An experimental evaluation of the HP V-class and SGI origin 2000 multiprocessors using microbenchmarks and scientific applications

Ravi Iyer, Jack Perdue, Lawrence Rauchwerger, Nancy M. Amato, Laxmi Bhuyan

Research output: Contribution to journalArticlepeer-review


As processor technology continues to advance at a rapid pace, the principal performance bottleneck of shared memory systems has become the memory access latency. In order to understand the effects of cache and memory hierarchy on system latencies, performance analysts perform benchmark analysis on existing multiprocessors. In this study, we present a detailed comparison of two architectures, the HP V-Class and the SGI Origin 2000. Our goal is to compare and contrast design techniques used in these multiprocessors. We present the impact of processor design, cache/memory hierarchies and coherence protocol optimizations on the memory system performance of these multiprocessors. We also study the effect of parallelism overheads such as process creation and synchronization on the user-level performance of these multiprocessors. Our experimental methodology uses microbenchmarks as well as scientific applications to characterize the user-level performance. Our microbenchmark results show the impact of Ll/L2 cache size and TLB size on uniprocessor load/store latencies, the effect of coherence protocol design/optimizations and data sharing patterns on multiprocessor memory access latencies and finally the overhead of parallelism. Our application-based evaluation shows the impact of problem size, dominant sharing patterns and number of Processors used on speedup and raw execution time. Finally, we use hardware counter measurements to study the correlation of system-level performance metrics and the application's execution time performance.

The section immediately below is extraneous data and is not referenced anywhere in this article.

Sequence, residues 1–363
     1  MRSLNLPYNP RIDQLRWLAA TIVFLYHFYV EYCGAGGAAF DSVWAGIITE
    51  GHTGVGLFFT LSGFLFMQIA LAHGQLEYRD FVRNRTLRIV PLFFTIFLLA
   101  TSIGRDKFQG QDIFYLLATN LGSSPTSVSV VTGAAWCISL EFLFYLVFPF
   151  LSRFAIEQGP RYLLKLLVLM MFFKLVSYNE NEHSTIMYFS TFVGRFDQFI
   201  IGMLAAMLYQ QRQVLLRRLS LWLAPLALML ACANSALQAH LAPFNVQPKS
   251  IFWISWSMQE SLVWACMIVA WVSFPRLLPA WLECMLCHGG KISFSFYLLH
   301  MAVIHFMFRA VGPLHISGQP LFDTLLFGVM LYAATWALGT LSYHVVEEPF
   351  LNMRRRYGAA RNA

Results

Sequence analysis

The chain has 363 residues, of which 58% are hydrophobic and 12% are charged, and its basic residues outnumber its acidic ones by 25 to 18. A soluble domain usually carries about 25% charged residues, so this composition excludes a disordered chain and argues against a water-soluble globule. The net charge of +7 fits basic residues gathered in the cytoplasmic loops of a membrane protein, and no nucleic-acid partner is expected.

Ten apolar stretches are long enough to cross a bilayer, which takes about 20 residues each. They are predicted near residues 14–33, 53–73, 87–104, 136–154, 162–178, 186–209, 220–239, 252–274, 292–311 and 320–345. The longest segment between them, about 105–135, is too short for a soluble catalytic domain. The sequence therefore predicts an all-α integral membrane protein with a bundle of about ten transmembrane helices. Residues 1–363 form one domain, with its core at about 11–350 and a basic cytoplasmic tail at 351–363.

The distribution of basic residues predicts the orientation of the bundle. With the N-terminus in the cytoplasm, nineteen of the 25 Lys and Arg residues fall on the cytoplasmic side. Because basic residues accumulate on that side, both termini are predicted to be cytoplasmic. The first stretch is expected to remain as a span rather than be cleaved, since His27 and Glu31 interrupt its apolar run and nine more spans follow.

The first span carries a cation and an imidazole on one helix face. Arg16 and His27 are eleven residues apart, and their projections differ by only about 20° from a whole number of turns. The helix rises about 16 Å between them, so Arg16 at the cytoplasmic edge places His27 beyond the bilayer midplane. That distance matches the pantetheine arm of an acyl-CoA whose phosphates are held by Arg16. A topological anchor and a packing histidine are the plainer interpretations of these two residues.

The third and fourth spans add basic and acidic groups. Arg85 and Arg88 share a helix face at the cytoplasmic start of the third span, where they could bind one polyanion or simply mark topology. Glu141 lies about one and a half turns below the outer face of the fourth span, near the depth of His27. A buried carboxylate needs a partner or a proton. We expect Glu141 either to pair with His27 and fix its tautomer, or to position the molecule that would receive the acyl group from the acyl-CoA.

Original languageEnglish (US)
Pages (from-to)307-350
Number of pages44
JournalInternational Journal of Parallel Programming
Issue number4
StatePublished - Aug 2005
Externally publishedYes


  • Parallel architectures
  • Performance analysis
  • Shared memory

ASJC Scopus subject areas

  • Software
  • Theoretical Computer Science
  • Information Systems


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